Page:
Game EducationHow to Play

The Complete Beginner’s Guide to Dungeons and Dragons

Welcome to Part One of our D&D 101 series where we’ll cover the very basics and some frequently asked questions. My goal is to help break down the world of D&D for complete newbies (or confused parents)! Related video series in production by Hashtag Gameschool.

So, what is Dungeons and Dragons?

Dungeons and Dragons is not a video game, but a tabletop roleplaying game (known as a TRPG)— the most popular one, at that. There are other TRPGs in the world but our focus here will specifically be D&D.

Think of it as “choose your own adventure” combined with improvisational storytelling and dice rolls to determine your fate. Dungeons and Dragons is cooperative storytelling, plain and simple.

“We are, as a species, addicted to story. Even when the body goes to sleep, the mind stays up all night, telling itself stories.” — Jonathan Gottschall, The Storytelling Animal

Why am I hearing about D&D all the time lately?

Dungeons and Dragons has hit the spotlight recently thanks to shows like The Big Bang Theory, Stranger Things, and Riverdale (Griffons and Gargoyles? Not even sly). No longer is it a taboo, Satanic Panic hot topic, but a game used in classrooms and even therapy!

It sounds fun, can I play RIGHT NOW?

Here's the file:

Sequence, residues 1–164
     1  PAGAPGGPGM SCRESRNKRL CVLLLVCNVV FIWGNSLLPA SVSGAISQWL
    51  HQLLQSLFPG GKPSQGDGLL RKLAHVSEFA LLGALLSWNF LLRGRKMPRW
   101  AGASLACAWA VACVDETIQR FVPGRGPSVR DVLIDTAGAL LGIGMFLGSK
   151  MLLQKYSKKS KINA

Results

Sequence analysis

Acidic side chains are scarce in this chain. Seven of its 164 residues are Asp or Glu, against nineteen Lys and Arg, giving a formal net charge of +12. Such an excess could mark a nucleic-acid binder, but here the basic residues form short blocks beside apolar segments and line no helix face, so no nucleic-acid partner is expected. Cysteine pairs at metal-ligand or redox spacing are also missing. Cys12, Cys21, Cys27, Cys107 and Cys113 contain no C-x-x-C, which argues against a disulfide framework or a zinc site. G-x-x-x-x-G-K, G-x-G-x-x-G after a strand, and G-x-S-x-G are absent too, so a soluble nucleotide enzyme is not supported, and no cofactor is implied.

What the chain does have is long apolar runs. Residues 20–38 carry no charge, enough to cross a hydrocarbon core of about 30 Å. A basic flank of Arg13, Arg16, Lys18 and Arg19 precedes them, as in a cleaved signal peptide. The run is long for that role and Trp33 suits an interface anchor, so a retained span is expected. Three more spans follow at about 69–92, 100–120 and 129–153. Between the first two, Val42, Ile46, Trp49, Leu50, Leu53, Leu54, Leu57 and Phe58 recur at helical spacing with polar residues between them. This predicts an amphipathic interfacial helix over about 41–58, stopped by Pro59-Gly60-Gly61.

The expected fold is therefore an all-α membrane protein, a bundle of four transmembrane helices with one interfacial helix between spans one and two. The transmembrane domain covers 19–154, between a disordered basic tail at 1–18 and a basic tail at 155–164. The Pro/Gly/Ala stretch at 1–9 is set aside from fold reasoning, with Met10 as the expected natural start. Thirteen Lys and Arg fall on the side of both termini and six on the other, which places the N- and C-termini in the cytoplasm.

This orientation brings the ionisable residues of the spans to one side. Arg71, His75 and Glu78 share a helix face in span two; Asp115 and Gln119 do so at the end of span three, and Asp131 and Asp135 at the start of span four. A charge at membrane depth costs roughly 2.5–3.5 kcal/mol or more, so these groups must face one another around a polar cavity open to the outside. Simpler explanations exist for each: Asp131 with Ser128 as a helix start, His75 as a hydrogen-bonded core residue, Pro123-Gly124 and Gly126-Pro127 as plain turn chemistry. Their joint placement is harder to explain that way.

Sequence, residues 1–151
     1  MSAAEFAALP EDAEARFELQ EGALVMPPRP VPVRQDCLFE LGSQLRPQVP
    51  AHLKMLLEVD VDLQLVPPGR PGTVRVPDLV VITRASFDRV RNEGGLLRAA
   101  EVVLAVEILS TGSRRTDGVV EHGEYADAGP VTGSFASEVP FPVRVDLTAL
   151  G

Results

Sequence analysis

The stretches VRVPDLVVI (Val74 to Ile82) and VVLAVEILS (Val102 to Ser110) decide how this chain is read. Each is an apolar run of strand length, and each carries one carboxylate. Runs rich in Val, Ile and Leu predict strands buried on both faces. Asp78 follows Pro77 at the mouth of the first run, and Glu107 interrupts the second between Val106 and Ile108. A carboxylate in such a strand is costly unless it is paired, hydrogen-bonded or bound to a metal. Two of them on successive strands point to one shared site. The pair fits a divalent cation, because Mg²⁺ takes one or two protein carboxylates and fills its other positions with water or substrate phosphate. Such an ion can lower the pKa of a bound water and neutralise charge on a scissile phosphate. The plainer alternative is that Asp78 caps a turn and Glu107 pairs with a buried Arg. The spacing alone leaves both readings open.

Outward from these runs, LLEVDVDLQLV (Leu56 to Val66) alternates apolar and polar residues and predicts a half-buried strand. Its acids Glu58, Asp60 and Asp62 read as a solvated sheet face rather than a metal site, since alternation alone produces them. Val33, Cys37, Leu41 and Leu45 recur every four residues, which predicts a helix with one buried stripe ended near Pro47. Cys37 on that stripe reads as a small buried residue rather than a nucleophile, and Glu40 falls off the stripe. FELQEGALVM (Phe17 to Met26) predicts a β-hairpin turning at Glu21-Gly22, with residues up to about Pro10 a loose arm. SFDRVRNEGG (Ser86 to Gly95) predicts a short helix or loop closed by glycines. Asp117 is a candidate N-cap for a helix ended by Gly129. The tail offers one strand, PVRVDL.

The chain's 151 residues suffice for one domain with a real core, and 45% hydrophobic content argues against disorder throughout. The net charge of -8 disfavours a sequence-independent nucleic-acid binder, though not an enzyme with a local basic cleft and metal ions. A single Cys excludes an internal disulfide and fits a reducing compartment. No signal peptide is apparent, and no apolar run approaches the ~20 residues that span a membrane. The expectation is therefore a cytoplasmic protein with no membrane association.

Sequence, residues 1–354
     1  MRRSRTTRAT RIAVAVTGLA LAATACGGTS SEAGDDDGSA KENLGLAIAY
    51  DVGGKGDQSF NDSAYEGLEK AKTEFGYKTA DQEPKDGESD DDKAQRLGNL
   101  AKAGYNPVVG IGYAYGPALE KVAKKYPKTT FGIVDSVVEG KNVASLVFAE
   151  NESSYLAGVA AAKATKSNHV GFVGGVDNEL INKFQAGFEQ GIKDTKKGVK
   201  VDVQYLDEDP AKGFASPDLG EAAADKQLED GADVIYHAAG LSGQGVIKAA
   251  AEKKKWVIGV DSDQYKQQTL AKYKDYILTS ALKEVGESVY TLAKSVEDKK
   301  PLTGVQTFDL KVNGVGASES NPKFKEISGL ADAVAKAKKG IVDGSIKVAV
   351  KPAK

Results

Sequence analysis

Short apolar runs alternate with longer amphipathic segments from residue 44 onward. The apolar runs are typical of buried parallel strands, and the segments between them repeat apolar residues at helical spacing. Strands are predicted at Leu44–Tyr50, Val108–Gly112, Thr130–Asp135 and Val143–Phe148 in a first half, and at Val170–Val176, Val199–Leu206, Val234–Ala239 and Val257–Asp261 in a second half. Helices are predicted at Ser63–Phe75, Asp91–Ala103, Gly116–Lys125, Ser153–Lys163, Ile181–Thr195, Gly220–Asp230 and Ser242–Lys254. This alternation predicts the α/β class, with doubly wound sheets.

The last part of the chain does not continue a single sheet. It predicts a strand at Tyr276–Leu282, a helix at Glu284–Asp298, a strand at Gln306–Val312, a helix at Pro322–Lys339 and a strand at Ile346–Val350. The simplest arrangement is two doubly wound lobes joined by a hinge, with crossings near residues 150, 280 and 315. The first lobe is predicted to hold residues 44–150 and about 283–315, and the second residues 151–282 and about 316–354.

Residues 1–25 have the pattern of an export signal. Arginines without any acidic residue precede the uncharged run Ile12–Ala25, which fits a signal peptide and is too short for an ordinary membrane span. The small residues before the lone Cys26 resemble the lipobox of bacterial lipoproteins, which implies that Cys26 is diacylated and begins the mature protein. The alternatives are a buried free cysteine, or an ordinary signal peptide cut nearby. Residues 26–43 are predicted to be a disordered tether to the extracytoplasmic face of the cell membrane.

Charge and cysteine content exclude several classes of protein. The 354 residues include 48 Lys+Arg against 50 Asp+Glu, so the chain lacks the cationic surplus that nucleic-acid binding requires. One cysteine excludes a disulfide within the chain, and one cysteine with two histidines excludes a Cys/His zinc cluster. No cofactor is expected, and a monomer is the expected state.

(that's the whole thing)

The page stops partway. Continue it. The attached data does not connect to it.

If you’re trying to jump into Dungeons and Dragons for the first time, know that it’s slightly different from any other tabletop game you might be accustomed to. You’ll need a dungeon master (known as a DM) to lead the game. In other TRPGs, the DM is known as the game master or GM.

Wizards of the Coast offers some board-game style D&D options that don’t require a dungeon master. This may be a good starting point to getting involved in high-fantasy dungeon crawling, though it’ll never truly replace the full Dungeons and Dragons experience! They’re a nice option when you want to play a quick game with only a couple of people.

Another great option is to jump into an established playgroup of friends who can teach you how to play as you go. They’ll probably love the opportunity to co-opt you into the D&D club.

Honestly, Dungeons and Dragons is something to keep learning about for years and years. But I don’t want that to intimidate you. I really think anyone could jump in and start playing and simply scaffold their knowledge from there.